Matthews Greenhouses returns to its roots
By Emily Ford
RICHFIELD - Trained as a nurse, Judy Matthews spent five years in the operating room before leaving medicine to take care of another kind of living thing - plants.
Matthews left nursing in 1975 and turned her gardening hobby into a retail business so she could stay home with her three children.
She grew and sold plants and flowers from her sprawling acreage at 2620 Reeves Island Road, just off Stokes Ferry Road.
Then, in the 1980s, Matthews shut down her garden shop and went into business servicing the flora at commercial and residential locations throughout the Charlotte region.
After more than 36 years as owner of Matthews Greenhouses, Matthews has returned to her roots, so to speak, and opened a retail garden center in Richfield, about 17 miles from Salisbury.
"I just love beautiful things and plants," Matthews said. "My father-in-law used to say, 'You can't eat plants.' Well, I showed him."
Matthews' business shifted from retail to commercial in 1984 after she walked into Wachovia Bank in downtown Salisbury, now Wells Fargo, and noticed the pitiful plants.
"No one took care of them," Matthews said. "I talked them into letting me help them for one month."
She watered, cleaned and pruned the plants, which began to thrive.
The contrast was so stark after Matthews' one-month trial, the local branch manager not only hired her but recommended her to Wachovia in Charlotte.
She ended up landing the contract for all 38 Wachovia branches.
Thus blossomed a career in landscape and plantscape creation and management. At one point, Matthews had 16 employees and serviced more than 300 locations.
Now, at age 63, Matthews is happy to let her nine employees run between 110 locations throughout the Charlotte region while she cares for the plants in Richfield and creates seasonal displays with silk flowers, bows, berries and more.
For the first time in more than 25 years, Matthews has opened her business to the public. She and husband Jerry Matthews, 71, have refurbished their horse barn and transformed it into a retail garden center filled with seasonal decor, wreaths, ribbon and gifts.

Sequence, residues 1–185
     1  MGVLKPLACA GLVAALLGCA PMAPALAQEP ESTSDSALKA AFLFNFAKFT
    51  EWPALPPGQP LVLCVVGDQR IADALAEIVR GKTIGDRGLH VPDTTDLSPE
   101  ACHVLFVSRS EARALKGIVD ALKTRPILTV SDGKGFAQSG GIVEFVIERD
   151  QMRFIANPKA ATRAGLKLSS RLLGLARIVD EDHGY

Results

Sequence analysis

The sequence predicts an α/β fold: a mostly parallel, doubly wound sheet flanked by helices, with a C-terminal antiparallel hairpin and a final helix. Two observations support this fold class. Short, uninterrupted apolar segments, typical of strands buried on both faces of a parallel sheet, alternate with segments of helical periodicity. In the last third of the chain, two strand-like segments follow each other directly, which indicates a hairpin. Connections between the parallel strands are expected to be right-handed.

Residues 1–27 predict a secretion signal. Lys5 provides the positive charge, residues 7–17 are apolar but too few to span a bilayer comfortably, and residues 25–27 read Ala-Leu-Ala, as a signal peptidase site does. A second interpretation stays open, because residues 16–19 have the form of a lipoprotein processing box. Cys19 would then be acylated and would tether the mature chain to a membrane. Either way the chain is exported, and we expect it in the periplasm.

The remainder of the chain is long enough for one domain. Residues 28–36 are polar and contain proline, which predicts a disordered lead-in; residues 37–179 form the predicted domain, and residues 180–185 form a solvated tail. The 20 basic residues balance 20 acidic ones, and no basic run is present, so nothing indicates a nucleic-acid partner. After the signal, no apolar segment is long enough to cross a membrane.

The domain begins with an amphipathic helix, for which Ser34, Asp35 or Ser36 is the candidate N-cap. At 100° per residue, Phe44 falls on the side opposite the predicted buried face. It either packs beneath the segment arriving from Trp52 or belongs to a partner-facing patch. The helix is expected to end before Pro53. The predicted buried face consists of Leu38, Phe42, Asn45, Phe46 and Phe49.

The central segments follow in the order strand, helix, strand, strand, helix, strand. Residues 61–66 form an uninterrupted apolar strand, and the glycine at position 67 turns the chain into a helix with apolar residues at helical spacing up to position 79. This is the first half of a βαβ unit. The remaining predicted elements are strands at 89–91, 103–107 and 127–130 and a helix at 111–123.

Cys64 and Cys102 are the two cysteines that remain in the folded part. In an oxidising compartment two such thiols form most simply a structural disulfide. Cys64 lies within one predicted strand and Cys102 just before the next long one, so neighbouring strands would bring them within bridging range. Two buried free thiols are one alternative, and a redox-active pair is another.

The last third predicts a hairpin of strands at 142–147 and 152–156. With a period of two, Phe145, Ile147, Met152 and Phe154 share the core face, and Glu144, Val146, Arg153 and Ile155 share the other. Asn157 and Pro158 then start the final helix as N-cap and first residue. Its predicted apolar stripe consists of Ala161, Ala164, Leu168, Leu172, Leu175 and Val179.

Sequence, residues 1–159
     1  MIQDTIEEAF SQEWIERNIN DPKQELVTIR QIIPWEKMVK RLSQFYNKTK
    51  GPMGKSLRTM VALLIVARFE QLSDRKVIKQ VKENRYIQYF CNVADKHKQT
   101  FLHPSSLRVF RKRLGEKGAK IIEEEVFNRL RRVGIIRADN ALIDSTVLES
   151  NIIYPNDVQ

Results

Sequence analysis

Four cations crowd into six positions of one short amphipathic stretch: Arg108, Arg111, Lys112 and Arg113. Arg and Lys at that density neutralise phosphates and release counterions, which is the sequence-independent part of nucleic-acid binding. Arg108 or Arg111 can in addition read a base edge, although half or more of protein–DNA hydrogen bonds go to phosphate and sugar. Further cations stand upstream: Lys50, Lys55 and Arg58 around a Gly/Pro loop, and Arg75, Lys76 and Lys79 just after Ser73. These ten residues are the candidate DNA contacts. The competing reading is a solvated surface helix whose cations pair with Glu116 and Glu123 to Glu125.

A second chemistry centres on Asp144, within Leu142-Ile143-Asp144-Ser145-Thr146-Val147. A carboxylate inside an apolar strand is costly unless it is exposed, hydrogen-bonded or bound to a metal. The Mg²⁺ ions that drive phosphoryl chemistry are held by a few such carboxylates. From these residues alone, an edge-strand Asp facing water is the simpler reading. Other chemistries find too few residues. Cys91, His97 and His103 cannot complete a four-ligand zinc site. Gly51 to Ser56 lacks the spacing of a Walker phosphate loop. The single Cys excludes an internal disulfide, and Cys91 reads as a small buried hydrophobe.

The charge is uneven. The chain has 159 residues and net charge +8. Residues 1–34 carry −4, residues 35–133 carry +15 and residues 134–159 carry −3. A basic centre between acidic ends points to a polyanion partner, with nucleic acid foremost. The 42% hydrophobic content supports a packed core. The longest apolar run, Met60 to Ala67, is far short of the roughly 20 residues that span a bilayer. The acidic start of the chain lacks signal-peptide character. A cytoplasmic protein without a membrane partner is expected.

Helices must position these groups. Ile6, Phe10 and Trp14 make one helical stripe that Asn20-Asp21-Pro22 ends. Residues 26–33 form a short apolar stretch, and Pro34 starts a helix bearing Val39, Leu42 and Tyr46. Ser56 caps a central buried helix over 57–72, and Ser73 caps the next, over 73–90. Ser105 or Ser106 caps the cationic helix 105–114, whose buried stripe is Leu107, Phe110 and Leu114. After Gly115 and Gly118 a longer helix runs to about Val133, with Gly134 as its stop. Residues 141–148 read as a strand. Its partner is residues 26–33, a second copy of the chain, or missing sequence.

They took the barn floor down to clean dirt, then filled it with gravel. They removed the doors to all six stalls and used them as display tables that run down the center of the barn.
The building where they kept two horses has become an enchanting retail shop filled with handmade treasures for yard, home and garden. Matthews creates custom silk displays using a pillow or photo to match colors.
Customers can wander throughout the rest of the property, which includes a vast warehouse stocked with hundreds of tropical houseplants and two covered outdoor display areas with bedding plants, potted mums, hanging baskets and more.
The Matthews still live in the home they built in 1970 from timber harvested on their acreage.
Their lavish back deck, filled with artfully designed plants and flowers, may serve as inspiration for customers, but it ultimately provides a sanctuary for the couple at the end of the day.
"That's for me," Judy Matthews joked. "That's not for you."
At its peak, Matthews Greenhouses earned $600,000 in annual sales. That's down to about $350,000 now.
When business was booming, Matthews bought a new van every six months.
"At one time, everything was great," she said. "You didn't need to worry about anything."
But the past few years have been tough on greenhouses. During the economic downturn, Matthews lost many clients who had to cut back.
"We are a luxury," Matthews said. "We are one of the first things to go."
She hasn't bought a new van for several years.
While many small businesses have shut their doors, Matthews Greenhouses has persevered.
"I feel real fortunate that we've hung on as we have," Matthews said.
That's probably largely attributable to Matthews herself.
She makes a strong case for plants and the curb appeal they provide, and she's a good saleswoman. She also has nearly four decades of expertise that's hard to match, not counting a lifetime of experience growing plants to eat or display.
Matthews grew up with her hands in the dirt, helping her father, Allen "Cooter" Kirk, in his garden. He sold fresh produce to area restaurants.
Matthews has little formal training and learned most of what she needed to know about plants from her father, mother Jenny Kirk and books."You can do everything you want if you read," she said.
Judy and Jerry Matthews have a daughter, Tanya Gearhart, who followed in her mother's initial footsteps and became an operating room nurse.
They lost son Jason Matthews in a motorcycle accident when he was 20 years old.
"It's still hard," Judy Matthews said.
Another son, Daryl Matthews, now lives in the house Matthews grew up in. He has taken over from Jerry Matthews as co-owner of the business.
In Salisbury, people can view the Matthews' work at Bank of North Carolina, Trinity Oaks, Rowan Regional Medical Center and Gerry Wood Auto Group, among other locations.
Judy Matthews is preparing to unfurl more than 100 Christmas trees she has stored. She will use them, along with dozens of swags and wreaths, to decorate 48 locations throughout the Charlotte region, including one home with seven trees.
She will offer wreath-making classes in October, demonstrating both autumn and Christmas designs.
"The best thing about this job is the public," Matthews said.
Matthews Greenhouses and Garden Center
Where: 2620 Reeves Island Road in Richfield, just off Stokes Ferry Road. From Salisbury, 17 miles.
When: March 1 through Oct. 31. 9 a.m. to 5 p.m. Monday through Friday, 9 a.m. to 1 p.m. Saturday. Extended hours until 3 p.m. on Saturdays during wreath-making classes.
What: Plants and trees from 4 inches to 30 feet. Fall flowers. Silk displays and gifts. Seasonal decor.
How: 704-377-5268, 704-279-5464,
www.matthewsgreenhouses. com and on Facebook
Contact reporter Emily Ford at 704-797-4264.